The posting of notices is critical to accomplishment of the Authority’s remedial purposes of enforcing employee rights and preventing unfair labor practices.  Notices inform employees of their rights and of the Authority’s role in protecting the free exercise of those rights.  Thus, in Nat’l Guard Bureau, 57 FLRA 240, 245 (2001), the Authority described the remedial purposes of posting a notice to include demonstrating to employees that the Authority will vigorously enforce rights guaranteed by the Statute, and that the Respondent recognizes and intends to fulfill its obligations under the Statute.  Notices also inform employees of the steps required of the Respondent to remedy its violation of the Statute and deter future violations by providing assurances that future violations will not recur.  The achievement of these remedial goals will not be realized, however, where the traditional posting of paper notices on bulletin boards is inadequate to reach employees and members who are more accustomed to receiving important information from their agency or union electronically and do not typically look for such information on bulletin boards.  Electronic communications are now the norm in many workplaces, and it can be expected that the trend of increased use of electronic methods of communication will continue.

In recognition of technological changes that have elevated email, intranet, listserves, electronic bulletin boards, social networks, and other electronic means of communication as the primary means of communication in many of today’s workplaces, the General Counsel has determined that where these methods of electronic communication are normally employed, such methods should be required to assure that notices are adequately communicated to employees (and members).  Indeed, where a Respondent customarily employs electronic means of communication with its employees or members, this fact reflects a judgment that electronic means are the most effective means of reaching the intended audience.  The Authority’s notices are of sufficient import to be communicated in the manner deemed most appropriate by the Respondent for its own communications.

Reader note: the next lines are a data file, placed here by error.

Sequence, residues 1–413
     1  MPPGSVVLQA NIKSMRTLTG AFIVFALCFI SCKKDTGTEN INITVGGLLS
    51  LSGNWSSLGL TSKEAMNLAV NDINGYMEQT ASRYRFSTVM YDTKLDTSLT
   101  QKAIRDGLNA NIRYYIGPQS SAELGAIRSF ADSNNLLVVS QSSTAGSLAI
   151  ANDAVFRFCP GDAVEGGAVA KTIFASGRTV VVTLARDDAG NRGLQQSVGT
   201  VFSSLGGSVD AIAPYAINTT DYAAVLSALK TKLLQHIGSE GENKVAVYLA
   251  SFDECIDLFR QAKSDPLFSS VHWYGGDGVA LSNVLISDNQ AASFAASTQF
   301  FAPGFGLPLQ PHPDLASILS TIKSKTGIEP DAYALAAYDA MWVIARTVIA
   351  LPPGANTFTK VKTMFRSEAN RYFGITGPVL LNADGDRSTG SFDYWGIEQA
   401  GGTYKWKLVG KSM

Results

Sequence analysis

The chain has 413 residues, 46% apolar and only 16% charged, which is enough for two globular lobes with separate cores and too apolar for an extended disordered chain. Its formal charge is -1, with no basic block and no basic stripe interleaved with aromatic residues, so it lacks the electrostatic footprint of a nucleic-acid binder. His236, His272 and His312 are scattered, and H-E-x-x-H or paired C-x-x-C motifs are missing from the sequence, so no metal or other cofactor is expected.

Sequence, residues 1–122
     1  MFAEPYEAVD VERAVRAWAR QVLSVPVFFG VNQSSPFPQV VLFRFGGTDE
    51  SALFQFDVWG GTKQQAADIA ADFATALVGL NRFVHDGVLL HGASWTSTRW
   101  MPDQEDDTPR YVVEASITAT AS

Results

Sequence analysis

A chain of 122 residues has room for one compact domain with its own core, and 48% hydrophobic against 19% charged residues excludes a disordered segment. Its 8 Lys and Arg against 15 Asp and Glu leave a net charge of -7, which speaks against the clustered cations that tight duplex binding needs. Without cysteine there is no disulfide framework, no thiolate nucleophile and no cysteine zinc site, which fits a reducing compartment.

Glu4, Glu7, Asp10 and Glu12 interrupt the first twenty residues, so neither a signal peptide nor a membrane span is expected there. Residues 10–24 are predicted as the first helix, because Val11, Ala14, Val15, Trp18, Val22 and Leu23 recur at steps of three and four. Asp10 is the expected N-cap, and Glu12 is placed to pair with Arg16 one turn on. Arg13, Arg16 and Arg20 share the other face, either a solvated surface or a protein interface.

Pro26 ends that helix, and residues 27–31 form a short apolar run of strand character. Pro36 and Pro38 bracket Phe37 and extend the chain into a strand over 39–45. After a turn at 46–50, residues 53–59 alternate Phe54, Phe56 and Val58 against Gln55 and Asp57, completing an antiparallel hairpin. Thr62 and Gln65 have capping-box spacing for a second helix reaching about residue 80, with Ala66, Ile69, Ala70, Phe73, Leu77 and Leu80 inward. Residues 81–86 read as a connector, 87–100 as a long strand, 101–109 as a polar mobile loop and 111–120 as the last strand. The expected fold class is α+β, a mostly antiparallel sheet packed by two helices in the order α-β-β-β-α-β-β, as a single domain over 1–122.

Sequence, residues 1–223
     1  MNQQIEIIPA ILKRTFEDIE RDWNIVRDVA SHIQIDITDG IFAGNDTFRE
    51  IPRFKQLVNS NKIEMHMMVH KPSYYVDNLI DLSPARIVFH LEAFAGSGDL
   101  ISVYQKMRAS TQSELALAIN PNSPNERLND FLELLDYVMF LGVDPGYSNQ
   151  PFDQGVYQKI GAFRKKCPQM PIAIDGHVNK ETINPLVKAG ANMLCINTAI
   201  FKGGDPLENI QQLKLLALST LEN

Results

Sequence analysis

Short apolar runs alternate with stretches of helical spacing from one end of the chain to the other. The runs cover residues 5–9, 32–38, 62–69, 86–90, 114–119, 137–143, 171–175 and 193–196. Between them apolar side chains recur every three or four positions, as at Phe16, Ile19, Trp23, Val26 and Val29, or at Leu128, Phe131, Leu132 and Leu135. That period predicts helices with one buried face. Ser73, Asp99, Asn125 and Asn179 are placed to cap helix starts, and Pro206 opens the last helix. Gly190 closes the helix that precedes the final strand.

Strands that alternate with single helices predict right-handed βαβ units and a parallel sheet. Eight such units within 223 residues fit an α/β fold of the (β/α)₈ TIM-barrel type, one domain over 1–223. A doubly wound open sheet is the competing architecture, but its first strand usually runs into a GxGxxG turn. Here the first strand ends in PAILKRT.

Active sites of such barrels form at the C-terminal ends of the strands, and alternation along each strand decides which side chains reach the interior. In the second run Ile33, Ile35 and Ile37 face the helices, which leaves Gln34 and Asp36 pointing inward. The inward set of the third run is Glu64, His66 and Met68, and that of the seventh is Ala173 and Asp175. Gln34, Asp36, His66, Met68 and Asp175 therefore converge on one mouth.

The General Counsel’s policy of seeking electronic notice dissemination is consistent with the position taken by the National Labor Relations Board.  Thus, in J. Picini Flooring, 356 NLRB No. 9 (Oct. 22, 2010), the Board held that its traditional notice language, which, like the FLRA’s remedial language, requires the posting of notice in all “conspicuous places,” is broad enough to encompass the dissemination of notices by electronic means where a Respondent customarily uses such means to communicate with its employees.  As the Board stated: 

Given the increasing reliance on electronic communication and the attendant decrease in the prominence of paper notices and physical bulletin boards, the continuing efficacy of the Board’s remedial notice is in jeopardy.  Notices posted on traditional bulletin boards may be inadequate to reach employees and members who are accustomed to receiving important information from their employer or union electronically and are not accustomed to looking for such information on a traditional bulletin board….  As a matter of general policy, it follows that, in addition to physical posting, notices should be posted  electronically, on a respondent’s intranet or internet site, if the respondent customarily uses such electronic posting to communicate with its employees or members.  Similarly, notices should be distributed by email if the respondent customarily uses email to communicate with its employees or members, and by any other electronic means of communication so used by the respondent.


Id., slip op. at 3.  The Board reasoned that it would be an abdication of its responsibility to adapt to the “changing patterns of industrial life” were it to “ignore the revolution in communications technology that has reshaped our economy and society.”  Id. at 4.  The Board rejected the contention that electronic posting should be considered an extraordinary remedy that should be compelled only in egregious ULP cases or to deal with recidivist violators, noting that only Respondents that customarily communicate with employees (or members) by electronic means would be required to post remedial notices electronically.  Id.  Finally, the Board held that “the burden of establishing whether electronic notice of any particular type should or should not be required appropriately rests with the respondent because of its knowledge of its own communication practices and systems and its possession of the evidence concerning those facts.”  Id.  n.14.